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What is GILTI?
The Global Intangible Low-taxed Income (GILTI) is a new provision, enacted as a part of tax reform legislation. Mechanically, it functions as a global minimum tax and introduces a lot of issues for all U.S. shareholders of controlled foreign corporations (CFCs) – especially individuals and partnerships.

  • Applies broadly to certain income generated by a controlled foreign corporation (CFC).
  • “U.S shareholders” (as defined in the Code) are required to include on a current basis the aggregate amount of certain income generated by its CFC(s), regardless of actual repatriation.
  • U.S. shareholders who are domestic – C corporations (other than RICs and REITs) are eligible for up to an 80 percent deemed paid foreign tax credit (FTC) and a 50 percent deduction of the current year inclusion plus the full amount of the Section 78 gross-up (subject to certain limitations).

Who does it impact?
GILTI will heavily impact any foreign business where profit is high relative to the fixed asset base.

  • Services companies
  • Procurement/Distribution companies
  • Software/Technology companies

It is effective for tax years of foreign corporations beginning after December 31, 2017. For tax years of U.S. shareholders in which or with which such tax years of foreign corporations end, the Global Intangible Low-taxed Income (GILTI) provisions set forth in Section 951A require a “U.S. shareholder” of one or more CFCs to include in income, on a current basis, its GILTI in a manner similar to subpart F income.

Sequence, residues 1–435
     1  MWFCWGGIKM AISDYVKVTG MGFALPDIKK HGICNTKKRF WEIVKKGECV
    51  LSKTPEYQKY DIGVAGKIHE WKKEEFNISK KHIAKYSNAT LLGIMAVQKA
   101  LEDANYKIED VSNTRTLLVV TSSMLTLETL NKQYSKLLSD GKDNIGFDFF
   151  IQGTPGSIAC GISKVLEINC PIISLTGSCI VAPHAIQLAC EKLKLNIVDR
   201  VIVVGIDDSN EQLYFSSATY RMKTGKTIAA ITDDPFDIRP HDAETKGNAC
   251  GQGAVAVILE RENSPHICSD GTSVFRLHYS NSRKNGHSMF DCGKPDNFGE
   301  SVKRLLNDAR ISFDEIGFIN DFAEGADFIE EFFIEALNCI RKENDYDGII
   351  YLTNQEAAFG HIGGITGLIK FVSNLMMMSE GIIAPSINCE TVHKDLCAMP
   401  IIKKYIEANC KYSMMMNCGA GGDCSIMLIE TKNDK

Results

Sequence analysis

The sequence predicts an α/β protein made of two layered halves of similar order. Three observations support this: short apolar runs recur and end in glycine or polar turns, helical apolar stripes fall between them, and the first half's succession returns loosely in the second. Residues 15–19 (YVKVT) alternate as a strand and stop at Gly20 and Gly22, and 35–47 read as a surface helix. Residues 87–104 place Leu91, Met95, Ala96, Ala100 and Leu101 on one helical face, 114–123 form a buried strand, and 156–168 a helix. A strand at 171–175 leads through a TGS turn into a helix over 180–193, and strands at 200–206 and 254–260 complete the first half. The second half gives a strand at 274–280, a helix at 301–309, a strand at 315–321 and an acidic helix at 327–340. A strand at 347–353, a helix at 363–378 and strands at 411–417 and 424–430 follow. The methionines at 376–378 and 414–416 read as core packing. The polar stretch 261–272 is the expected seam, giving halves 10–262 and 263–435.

What should companies do?
While taxpayers await further guidance from the IRS and the Treasury providing specifics on the GILTI inclusion, it is prudent for U.S. shareholders to begin assessing whether they should be subject to the GILTI inclusion. In particular, taxpayers may need to take immediate action to estimate the potential tax liability for quarterly estimated payments and financial reporting purposes.


The International Tax Team at Ryan & Wetmore is well-versed in foreign informational filings. For questions or concerns regarding your international accounts and assets, click here to email our foreign tax team.  Please be aware that tax issues are complicated and may vary based on the details of your situation. For this reason, an initial phone call is generally required to obtain the facts and address the questions.

Bethany Bouw CPA, is a manager at Ryan & Wetmore and has been with the firm for over eight years. She has experience with offshore voluntary compliance and assisting taxpayers with foreign asset and entity reporting requirements.

Traci Getz CPA, is a partner with Ryan & Wetmore, P.C. Traci has over fifteen years of experience providing accounting, tax, and consulting services to small and medium-sized business owners. She works with clients to understand their accounting and tax issues while specializing in international tax, healthcare, and construction.


Our firm provides the information in this e-newsletter for general guidance only, and does not constitute the provision of legal advice, tax advice, accounting services, investment advice, or professional consulting of any kind. The information provided herein should not be used as a substitute for consultation with professional tax, accounting, legal, or other competent advisers. Before making any decision or taking any action, you should consult a professional adviser who has been provided with all pertinent facts relevant to your particular situation.Tax articles in this e-newsletter are not intended to be used, and cannot be used by any taxpayer, for the purpose of avoiding accuracy-related penalties that may be imposed on the taxpayer.The information is provided “as is,” with no assurance or guarantee of completeness, accuracy, or timeliness of the information, and without warranty of any kind, express or implied, including but not limited to warranties of performance, merchantability, and fitness for a particular purpose.